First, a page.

In Westminster, 37 full-time city employees will be laid off in the next month with 12 more expected to choose early retirement.
“It just kills me that we have to lay off staff,” Mayor Margie Rice said. “We wish we could keep our people.”
The layoffs will save the city $3 million per year according to a staff report. But the city will spend over $500,000 on severance pay.
The City Council approved the severance packages March 28. Laid-off employees will receive between two weeks and 12 weeks of pay depending on employment time. Previously-insured employees will still receive full health benefits for six months.
The 12 early retirees will receive about three months of salary in a lump sum payment. They will no longer receive full health coverage. Instead, they will receive retiree-level health benefits.
Employees must be at least 50 years old and have five years of service time to qualify for early retirement. They must then retire by June 30.
“This is the best we could work out in trying to protect our employees and help them in finding a new job or starting a new life,” Rice said.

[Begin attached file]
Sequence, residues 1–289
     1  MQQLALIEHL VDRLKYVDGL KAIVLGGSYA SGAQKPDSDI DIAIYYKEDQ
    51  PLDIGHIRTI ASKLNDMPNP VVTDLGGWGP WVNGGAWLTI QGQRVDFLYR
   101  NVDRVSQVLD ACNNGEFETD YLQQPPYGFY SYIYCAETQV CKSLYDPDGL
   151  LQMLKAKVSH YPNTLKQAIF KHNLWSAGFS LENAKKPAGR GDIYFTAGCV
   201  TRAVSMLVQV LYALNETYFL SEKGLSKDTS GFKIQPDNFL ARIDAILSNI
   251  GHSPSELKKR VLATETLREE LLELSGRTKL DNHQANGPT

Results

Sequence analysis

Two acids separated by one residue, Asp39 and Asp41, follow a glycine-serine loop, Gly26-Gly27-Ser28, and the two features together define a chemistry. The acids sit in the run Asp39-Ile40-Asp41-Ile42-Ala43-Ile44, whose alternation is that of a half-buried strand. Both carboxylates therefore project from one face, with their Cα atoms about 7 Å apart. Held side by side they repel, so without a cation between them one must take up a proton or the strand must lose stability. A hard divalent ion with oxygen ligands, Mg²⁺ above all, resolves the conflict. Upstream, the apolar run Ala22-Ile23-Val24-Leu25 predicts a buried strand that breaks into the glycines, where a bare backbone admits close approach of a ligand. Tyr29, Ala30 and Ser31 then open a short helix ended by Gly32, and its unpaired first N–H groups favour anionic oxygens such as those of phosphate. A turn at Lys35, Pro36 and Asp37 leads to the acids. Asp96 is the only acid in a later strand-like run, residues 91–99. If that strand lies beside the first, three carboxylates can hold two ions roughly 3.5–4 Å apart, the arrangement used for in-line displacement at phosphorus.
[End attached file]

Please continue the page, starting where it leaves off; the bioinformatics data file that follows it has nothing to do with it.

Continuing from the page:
Rice, council members and city manager Mitch Waller all cited the loss of the city’s Redevelopment Agency as the cause of the layoffs. In June, Gov. Jerry Brown signed a law dissolving all state redevelopment agencies. The law was held up by the California Supreme Court in December.
As a result, Westminster will likely face a $10 million deficit next year. Rice in particular didn’t hide her anger with state officials.
“It was your money, the people’s money, and they took it,” she said.
The layoffs are another step in the city’s efforts to rein in spending, even before the loss of redevelopment money.
“We’ve set the city on course for long term financial stability,” Waller said. “We have implemented programs reducing overall costs to the community.”
The city changed its employee benefit structure to a tiered system in July, so new employees will contribute a larger share toward retirement. The state requires cities to pay up to 9 percent of an employee’s salary into a retirement fund. Cities can then deduct all or part of that payment from employee paychecks.
Employees hired before the change contribute up to six percent of salary. New employees hired after July 28 pay up to the full nine percent. In exchange, the city contributes an extra $100 per month for employees with a qualifying family health plan.